From the conference “Human Rights & the International Trade in Security & Surveillance Technology – Case Study: China”, from autumn 2005:
A quick review of different Western governments’ policy mechanisms, to regulate what tech gets exported to China — especially when there might be human rights implications from the sale.
In Europe there are:
1. EU’s Code of Conduct for Arms Exports, adopted in 1998, which makes special reference to human rights concerns including specific references to international human rights instruments including the Universal Declaration on Human Rights and the International Covenant on Civil & Political Rights.
2. The OSCE’s Document on Small Arms and Light Weapons also makes reference to human rights and requires states to consider proposed exports of small arms in light of the respect for human rights and fundamental freedoms in the recipient country. While surveillance and security technology may not be considered as “small arms”, this potentially could be extended to some tech.
3. Privacy laws and directives, which could be used to regulate China’s use of surveillance technology. Some of these include the EU Directive, the OECD guidelines, the APEC Guidelines, the Conference on Data Commissioners, and the ISO Standardization Processes.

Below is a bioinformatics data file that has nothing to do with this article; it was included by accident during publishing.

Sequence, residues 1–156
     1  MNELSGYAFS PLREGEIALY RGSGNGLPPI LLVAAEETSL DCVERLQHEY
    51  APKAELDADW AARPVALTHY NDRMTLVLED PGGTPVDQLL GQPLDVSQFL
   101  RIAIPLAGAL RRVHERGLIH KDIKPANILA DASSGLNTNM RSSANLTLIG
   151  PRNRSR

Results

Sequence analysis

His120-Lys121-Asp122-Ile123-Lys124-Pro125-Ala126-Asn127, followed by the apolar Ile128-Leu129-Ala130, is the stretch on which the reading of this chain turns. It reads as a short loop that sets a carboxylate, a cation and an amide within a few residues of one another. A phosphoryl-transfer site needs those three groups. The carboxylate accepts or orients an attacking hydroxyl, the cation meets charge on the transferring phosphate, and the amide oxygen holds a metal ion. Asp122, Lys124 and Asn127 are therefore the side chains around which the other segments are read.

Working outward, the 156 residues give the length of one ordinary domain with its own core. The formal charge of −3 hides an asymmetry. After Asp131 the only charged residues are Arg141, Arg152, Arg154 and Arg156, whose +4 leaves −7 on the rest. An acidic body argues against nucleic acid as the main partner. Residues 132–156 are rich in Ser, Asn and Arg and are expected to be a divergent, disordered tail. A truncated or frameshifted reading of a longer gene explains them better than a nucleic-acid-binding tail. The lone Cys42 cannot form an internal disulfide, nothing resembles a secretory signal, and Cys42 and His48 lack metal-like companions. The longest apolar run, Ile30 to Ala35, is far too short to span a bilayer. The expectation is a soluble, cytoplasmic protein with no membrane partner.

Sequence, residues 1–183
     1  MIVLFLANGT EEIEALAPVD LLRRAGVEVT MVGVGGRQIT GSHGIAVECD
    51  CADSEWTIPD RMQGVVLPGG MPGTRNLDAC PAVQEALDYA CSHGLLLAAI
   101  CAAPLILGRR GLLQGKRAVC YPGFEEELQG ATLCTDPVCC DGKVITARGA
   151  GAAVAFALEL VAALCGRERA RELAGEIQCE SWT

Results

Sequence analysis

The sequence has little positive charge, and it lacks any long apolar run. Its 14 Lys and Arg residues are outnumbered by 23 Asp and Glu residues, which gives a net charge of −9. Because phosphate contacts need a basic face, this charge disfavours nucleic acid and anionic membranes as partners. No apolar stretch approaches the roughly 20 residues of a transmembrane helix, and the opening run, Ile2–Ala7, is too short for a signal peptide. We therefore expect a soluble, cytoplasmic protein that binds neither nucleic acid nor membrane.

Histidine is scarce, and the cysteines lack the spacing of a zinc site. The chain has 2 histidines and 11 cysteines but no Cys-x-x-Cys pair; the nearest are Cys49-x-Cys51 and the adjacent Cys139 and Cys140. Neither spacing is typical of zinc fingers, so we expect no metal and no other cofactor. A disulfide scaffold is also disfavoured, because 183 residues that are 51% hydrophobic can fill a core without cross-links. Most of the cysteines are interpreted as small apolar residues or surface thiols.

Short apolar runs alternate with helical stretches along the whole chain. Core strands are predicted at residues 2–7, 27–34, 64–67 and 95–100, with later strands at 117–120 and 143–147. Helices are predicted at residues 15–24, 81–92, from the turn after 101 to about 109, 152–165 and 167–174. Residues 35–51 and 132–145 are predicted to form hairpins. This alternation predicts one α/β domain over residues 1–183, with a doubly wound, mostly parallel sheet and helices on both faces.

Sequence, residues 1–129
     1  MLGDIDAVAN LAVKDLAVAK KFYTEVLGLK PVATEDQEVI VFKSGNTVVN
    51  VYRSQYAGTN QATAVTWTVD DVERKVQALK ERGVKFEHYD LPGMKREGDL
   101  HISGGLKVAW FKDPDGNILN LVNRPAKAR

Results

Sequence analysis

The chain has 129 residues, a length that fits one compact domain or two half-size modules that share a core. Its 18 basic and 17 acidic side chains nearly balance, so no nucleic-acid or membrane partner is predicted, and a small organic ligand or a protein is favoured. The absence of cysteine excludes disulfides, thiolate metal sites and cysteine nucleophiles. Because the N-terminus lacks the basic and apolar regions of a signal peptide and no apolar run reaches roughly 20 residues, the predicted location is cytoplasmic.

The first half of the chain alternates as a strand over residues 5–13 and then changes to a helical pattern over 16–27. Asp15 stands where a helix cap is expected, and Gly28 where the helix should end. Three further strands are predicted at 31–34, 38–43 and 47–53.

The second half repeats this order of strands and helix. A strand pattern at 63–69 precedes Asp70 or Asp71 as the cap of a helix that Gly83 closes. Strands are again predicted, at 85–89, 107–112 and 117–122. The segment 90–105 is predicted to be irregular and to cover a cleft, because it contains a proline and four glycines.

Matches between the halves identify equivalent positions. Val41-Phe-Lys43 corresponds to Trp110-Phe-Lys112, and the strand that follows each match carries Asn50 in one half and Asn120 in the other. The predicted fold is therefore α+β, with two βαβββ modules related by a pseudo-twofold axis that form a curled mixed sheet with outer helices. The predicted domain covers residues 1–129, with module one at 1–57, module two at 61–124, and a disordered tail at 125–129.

In Canada there are other export controls:
1. The export control list is developed through participation in the Wassenaar Arrangement. The Wassanaar process revises its list of dual-use technologies and munitions annually and Canada complies with its recommendations. Other military products or technology exported from Canada require a permit that is evaluated on a case-by-case basis (with some exceptions) using human rights and other criteria. While there is no policy of embargo, an area control list exists.